We are more than halfway through the 40 Days for Life campaign. If you don't know what that is, go here: http://www.40daysforlife.com/
I get the daily updates and devotionals for the campaign, and though there is not an abortion clinic or a 40 Days vigil near where I live, I try to reflect and pray using their devotion every day. One thing I noticed this time around was the variety of faiths being represented in the devotionals. There have been Baptist preachers, Presbyterian pastors, Lutheran, and I believe Jewish. I know that all these different faiths have participated before, but this is the first time I have seen such a variety actually writing the devotionals.
I am amazed when I look back at how 40 Days for Life started. I had a very small, almost indirect, part in that first 40 days. I was a freshman in college at Texas A&M, and I learned about it through our campus student organization Aggies for Life. I wore the bracelet and I prayed a few hours on the sidewalk. Little did I know what a powerful fire was sparking. Now when I read about the history of 40 Days for Life, I just can't help but praise God for his grace. Just a few strong-hearted people sitting around a table decided they would try it, and look where it has gone!
Really and truly, they have sparked a revolution in the pro-life movement (coinciding with--yes, another God thing--the expansion of Live Action and their undercover videos that have exposed Planned Parenthood for its lies and helped to reduce funding, and all the incredible pro-life laws passed with encouragement from Americans United for Life). I don't think I am prejudiced when I say Catholics have tended to be the sole outspoken voice against abortion through the decades. But now, with this resurgence of passion for the pro-life movement, we have ecumenical movement. People of all different faith backgrounds, and even atheists, are coming together to fight this war. How beautiful is that?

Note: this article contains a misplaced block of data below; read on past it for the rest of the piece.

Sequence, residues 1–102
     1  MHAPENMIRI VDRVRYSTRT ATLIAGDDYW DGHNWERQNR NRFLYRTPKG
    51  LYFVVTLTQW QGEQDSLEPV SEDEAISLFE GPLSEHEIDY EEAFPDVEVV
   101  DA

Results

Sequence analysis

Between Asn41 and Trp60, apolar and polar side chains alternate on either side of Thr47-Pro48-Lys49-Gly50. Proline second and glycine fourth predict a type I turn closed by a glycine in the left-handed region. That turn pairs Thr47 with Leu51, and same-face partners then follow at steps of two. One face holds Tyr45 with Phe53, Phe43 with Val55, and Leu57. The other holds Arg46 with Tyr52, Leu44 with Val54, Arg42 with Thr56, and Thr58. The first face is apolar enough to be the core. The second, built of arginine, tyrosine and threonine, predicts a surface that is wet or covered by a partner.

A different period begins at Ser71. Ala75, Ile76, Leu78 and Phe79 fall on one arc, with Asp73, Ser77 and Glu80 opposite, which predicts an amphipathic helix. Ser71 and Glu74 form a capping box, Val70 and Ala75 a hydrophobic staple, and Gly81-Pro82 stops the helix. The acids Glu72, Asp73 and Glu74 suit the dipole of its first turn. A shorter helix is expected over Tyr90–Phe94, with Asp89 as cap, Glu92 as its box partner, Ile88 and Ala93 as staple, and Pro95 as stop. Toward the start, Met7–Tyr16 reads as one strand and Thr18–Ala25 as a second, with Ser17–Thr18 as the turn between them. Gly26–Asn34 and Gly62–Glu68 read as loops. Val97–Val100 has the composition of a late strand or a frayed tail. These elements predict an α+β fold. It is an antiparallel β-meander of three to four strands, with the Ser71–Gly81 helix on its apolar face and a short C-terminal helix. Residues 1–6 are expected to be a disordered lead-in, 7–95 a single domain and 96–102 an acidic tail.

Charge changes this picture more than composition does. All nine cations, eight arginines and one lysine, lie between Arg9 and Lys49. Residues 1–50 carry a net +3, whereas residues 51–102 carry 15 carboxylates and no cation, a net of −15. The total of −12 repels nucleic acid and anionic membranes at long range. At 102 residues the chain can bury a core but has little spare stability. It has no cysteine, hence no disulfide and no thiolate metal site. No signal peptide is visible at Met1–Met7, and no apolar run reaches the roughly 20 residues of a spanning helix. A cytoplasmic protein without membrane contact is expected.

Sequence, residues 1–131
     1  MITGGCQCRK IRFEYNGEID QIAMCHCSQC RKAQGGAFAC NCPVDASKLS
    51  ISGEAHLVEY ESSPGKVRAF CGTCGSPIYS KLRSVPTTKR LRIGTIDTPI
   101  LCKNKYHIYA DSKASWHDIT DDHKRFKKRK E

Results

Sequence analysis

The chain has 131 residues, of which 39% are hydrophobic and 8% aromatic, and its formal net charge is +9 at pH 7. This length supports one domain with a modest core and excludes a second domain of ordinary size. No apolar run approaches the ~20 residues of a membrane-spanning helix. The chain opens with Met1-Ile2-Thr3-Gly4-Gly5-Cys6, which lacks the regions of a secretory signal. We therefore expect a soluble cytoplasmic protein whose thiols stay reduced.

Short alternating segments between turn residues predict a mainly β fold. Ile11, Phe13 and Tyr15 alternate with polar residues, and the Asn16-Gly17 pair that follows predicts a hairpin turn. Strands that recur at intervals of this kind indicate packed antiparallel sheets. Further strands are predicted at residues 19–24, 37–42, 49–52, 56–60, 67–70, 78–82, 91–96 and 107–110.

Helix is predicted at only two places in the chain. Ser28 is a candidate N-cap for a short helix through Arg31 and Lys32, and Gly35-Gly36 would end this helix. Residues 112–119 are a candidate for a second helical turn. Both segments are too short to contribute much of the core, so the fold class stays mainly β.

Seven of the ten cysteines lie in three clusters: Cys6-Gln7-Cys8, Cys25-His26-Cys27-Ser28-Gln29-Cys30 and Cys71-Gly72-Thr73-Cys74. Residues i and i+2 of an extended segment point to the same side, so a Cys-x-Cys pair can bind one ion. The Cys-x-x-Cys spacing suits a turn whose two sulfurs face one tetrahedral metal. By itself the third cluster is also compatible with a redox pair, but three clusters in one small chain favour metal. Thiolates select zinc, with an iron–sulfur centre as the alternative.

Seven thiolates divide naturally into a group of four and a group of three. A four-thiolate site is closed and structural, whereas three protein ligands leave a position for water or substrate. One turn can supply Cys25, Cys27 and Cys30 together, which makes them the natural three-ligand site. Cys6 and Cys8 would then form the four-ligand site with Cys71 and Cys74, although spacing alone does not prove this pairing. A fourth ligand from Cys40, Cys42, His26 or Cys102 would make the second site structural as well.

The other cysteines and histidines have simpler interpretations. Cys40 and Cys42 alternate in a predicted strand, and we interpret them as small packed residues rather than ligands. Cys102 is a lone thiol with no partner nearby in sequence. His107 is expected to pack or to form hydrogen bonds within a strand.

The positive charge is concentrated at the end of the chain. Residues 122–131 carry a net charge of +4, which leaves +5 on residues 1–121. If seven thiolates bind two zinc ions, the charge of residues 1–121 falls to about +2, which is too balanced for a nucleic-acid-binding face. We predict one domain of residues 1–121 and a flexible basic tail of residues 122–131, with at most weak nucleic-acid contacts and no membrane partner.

Those on the other side of the argument probably despise 40 Days for Life because of their success in simply standing and praying. We give no reason for people to throw insults at us or try to demean us because we are simply present and encouraging. I'm sure that's infuriating. But perhaps the most infuriating thing that 40 Days for Life does is save lives. I don't mean that most pro-choicers want babies to be killed (although I would argue that Planned Parenthood as an organization does because that means they make more money). Many pro-choicers want abortion to be rare but always a "safe" option. But when 40 Days for Life prevents a woman from choosing abortion (according to their records, 6,749 babies have been saved), and a child is born, how can they argue against that? And it's not just that a baby is saved, but so many reports demonstrate the relief these women who choose life feel, and how they have been helped through their struggles by pregnancy help centers. To fight against an organization that saves both the actual life of the child and the emotional/social/psychological life of the mother would be anti-human. Could they really say that they wish 40 Days for Life hadn't been there and the baby would have been aborted? Is that really better?
We can argue the philosophy, the prioritization of rights, even the "viability" of the child. We can argue about a woman's choice over her own body. But when a woman makes the choice for life, when life wins out over death, we can't argue (not unless we truly believed some people deserve not to live, or would be better off not living, regardless of the woman's choice. And if that's the case, then we are in very different territory than simply reproductive rights.).
So 40 days for Life is a simple concept: stand peacefully at vigil and pray. Maybe even fast. Be there for women when they feel most vulnerable. And, through it all, bring many, many faiths together fighting for the cause of life, and save the lives of children and women! Do it all through, with, and in Christ.